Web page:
Obviously, everyone experiences emotional weather patterns, but moody people experience them profoundly and frequently, and it’s part of who we are. For that matter, I wouldn’t have it otherwise.
I believe there is a correlation between moodiness and sensitivity, and sensitivity is a requirement for compassion and for deep connection. I once complained about my moodiness to a mentor who knew me very well, and in response, he suggested that our attention falls into two categories: (with that, he raised his hands and wiggled them, palm out) — when we are oriented outwards, paying attention to everything that happens around us (and then he reversed his hands) and when we are oriented inwards, focusing on what’s happening inside.
He told me that some of my problems come from being just a little too much of both. For moody people, this can make any experience a tumultuous one. A concert is more than a visual/auditory experience, it’s an emotional panoply. It also means that the people in our lives feel seen and heard by us, and they know that when they share themselves with us, we are hearing them. And we are. Loud and freakin’ clear.
I think this is part of what makes me successful as a teacher; I can see and hear the needs of my students, and meanwhile, I have a strong intuition of what to say or do (or what not to say or do). It also means that I experience extreme emotion in response to my successes and failures: when a class goes well, I dance down the hallways afterwards like Dick Van Dyke in Mary Poppins. On the other hand, when a class bombs, I need to be scraped off the floor with a giant spatula.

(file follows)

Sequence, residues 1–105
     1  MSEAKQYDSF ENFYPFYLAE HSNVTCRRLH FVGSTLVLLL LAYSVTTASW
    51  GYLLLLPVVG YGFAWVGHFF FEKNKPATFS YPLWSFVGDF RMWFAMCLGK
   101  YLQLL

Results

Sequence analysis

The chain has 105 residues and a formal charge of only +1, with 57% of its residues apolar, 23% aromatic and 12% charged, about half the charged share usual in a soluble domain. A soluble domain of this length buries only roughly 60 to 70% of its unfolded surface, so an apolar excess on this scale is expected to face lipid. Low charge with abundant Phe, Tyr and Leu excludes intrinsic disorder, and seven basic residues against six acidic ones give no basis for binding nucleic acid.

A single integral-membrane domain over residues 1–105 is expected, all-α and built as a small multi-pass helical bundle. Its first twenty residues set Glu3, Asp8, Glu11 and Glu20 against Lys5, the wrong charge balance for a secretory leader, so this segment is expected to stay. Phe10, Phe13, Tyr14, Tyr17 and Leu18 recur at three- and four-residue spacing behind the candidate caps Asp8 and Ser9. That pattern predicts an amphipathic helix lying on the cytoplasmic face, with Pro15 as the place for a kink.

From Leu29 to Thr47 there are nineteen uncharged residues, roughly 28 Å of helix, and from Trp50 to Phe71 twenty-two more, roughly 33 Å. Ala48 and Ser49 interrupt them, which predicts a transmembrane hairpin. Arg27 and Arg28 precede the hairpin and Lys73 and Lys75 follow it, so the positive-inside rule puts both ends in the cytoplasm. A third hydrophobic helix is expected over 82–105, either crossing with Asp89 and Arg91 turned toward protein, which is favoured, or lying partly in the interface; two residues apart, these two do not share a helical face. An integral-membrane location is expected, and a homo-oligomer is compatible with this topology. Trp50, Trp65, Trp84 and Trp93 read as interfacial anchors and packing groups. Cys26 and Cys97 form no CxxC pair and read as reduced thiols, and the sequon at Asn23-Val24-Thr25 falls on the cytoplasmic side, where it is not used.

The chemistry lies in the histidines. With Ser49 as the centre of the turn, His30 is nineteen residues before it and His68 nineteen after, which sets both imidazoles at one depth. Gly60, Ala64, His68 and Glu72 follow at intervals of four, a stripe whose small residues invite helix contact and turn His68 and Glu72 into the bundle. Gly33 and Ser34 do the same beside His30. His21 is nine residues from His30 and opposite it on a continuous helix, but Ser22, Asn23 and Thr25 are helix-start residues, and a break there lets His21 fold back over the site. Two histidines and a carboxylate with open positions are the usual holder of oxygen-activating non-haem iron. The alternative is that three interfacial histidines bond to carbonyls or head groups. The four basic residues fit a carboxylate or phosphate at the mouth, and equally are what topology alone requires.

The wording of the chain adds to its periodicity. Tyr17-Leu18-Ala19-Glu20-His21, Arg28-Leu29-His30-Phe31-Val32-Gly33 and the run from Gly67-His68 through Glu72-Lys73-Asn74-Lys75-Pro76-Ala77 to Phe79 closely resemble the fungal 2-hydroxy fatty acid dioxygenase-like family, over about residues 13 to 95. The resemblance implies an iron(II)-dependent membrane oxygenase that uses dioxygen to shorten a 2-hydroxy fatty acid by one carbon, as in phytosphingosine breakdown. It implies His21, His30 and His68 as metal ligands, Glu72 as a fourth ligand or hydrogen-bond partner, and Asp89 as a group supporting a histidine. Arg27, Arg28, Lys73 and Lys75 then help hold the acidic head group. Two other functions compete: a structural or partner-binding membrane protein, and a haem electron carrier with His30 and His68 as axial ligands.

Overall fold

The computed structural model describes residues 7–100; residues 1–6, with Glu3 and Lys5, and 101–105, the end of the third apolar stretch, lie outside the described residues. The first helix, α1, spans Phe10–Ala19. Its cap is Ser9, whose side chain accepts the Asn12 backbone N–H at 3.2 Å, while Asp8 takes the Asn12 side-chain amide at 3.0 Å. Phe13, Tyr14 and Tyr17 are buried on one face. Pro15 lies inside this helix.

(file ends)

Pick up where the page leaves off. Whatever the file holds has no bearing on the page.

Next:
For a moody person, a day of work involves emotional microclimates. It’s part of why I’m so tired at the end of the day. But like the denizens of San Francisco, who have mastered the art of layering their clothing, moody people have skills and strategies to adapt to their ever-changing inner weather patterns.
A suit with a minimalist (and slim fitting) polo will keep you warm until the fog lifts.
Being moody means inevitable feelings of setback and disappointment. There will be fog. Around 4:30pm, the cold, wet damp will descend and you will hardly believe that you sought out the shade just an hour earlier. There is no way around this. However, successful moody people learn resilience – the ability to push through fog and rain, even though there is no sign of improved weather conditions in sight. Says Eric Greitens, author of Resilience: Hard-Won Wisdom for Living a Better Life, “You cannot bounce back from hardship. You can only move through it.” True also of moods.